There is one annual event that never ceases to amaze me: Race for the Cure.
I have been participating in Race for the Cure for 7 years now and my best estimate is that I've participated in about 10 of them from Los Angeles to Temecula and everywhere in between. I used to participate in them with my sorority sisters from Theta Omega of Zeta Tau Alpha, and after I graduated I started participating in them with two of my best friends: Cristina and Denise. Every year I wear a placard that tells people that I walk in celebration of my Grandmother. I am grateful that I don't have to wear any placards that say "In Memory Of..."
At one of my first Race for the Cure events at the Rose Bowl, I was participating as a volunteer at the Zeta Tau Alpha booth. At this booth, we supplied safety pins, markers, and placard bibs that said "I walk in memory of _________" (if you've lost someone to breast cancer or "I walk in celebration of ________" (if someone you know is a survivor). It was at this booth that I experienced something that I will never forget.
A man came up to the booth and picked up three bibs that said "I walk in memory of _________" and three markers. It was then that I saw the other two people with him: a young boy about 7 or 8 years old and a little girl that couldn't have been over 4. I kept it together as I began to watch them write. First I saw the toddler girl scribble something on the paper but I couldn't really read it. Next I looked at the boy and was able to discern that he had written "mommy" and finally I looked at the man's card which simply read "my wife."
It took everything in my not to burst into tears, but as the tears came into my eyes I started to look around. I looked at the thousands of people being affected by cancer. I looked at the sea of pink shirts that the breast cancer survivors wear every year. I saw the mass of white shirts of the participants. That's when I saw her. She called herself "the angel of hope" and a smile beamed from her face.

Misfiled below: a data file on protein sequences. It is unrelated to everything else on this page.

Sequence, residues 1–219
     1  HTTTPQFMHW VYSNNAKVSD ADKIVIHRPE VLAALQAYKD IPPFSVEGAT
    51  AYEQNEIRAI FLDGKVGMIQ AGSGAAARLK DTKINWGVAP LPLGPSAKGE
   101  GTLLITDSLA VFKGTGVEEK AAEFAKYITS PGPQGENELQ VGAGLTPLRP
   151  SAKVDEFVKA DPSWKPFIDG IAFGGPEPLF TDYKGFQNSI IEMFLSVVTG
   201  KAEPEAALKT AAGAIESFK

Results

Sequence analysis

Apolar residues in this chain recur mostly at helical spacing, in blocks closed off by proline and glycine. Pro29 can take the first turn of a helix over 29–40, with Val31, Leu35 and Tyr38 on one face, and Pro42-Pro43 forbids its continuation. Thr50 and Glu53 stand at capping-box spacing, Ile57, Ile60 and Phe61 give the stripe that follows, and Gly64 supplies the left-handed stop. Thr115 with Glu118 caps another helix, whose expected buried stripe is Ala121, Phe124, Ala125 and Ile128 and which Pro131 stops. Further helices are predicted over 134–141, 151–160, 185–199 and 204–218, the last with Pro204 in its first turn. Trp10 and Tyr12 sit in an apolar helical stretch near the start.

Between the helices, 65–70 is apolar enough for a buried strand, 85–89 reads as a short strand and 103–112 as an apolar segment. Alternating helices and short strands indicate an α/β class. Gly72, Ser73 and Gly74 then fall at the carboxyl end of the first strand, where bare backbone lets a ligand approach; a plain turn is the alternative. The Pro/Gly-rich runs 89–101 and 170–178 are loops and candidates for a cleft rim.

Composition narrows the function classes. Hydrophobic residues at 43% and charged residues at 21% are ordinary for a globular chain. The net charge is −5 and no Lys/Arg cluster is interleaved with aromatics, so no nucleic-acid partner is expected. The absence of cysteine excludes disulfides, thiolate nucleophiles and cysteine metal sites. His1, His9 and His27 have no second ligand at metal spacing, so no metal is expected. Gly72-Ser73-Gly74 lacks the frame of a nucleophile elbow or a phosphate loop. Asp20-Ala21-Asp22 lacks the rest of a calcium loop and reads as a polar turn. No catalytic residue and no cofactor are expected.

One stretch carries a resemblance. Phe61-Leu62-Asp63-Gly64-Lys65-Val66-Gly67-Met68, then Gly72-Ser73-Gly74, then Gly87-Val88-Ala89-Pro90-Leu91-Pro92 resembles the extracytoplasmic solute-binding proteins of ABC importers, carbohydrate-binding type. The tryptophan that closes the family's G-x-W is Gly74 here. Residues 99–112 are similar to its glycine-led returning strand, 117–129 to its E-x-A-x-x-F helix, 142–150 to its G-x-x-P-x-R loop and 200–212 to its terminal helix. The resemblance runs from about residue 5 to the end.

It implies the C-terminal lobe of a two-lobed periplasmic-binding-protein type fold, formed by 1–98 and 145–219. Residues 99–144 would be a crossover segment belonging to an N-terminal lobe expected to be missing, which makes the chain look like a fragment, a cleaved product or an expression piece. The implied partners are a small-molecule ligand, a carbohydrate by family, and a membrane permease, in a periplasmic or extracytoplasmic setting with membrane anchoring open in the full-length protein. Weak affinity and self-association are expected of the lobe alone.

She wore a floor length pink satin prom dress and pink feather wings that had a span of at least three feet. On top of her bald head was a cropped hot pink wig (like the kind Britney Spears wore when she lost her mind). As if her prom dress and Nike's weren't striking enough, she had collected every pin and ribbon she could get her hands on over the years and placed them all over the pink satin. She was a walking beacon of hope, covering herself in support from head to toe. And what was covering her back and most of her skirt? Our placards. Many said "I walk in memory of _________" but the majority said "I walk in celebration of ______________." She is still my angel of hope.
I haven't seen any of those people again, but every year I see someone new.
I see women in pink wigs on their head.
I see women with pink hats on their head.
I see women with pink bandanas on their head.
I see women with no hair on their head.
I see dogs in pink tee shirts.
I see female survivors.
I see male survivors.
I see old survivors.
I see young survivors.
I see mothers.
I see daughters.
I see sisters.
I see friends.
Breast cancer, whether you want to admit it or not, is right next to you. If it hasn't found you or your loved one yet, consider yourself blessed. Your opportunities are everywhere to make a difference, and I encourage you to donate.
Susan G. Komen
and even the NFL
This is just a short list of organizations and companies that have products or ways for you to help with breast cancer awareness and research.
So thank you to everyone that came today, whether you walked with Team Ta-Ta's or you just volunteered or walked alone. You've made a difference.
Team Ta-Ta's 2008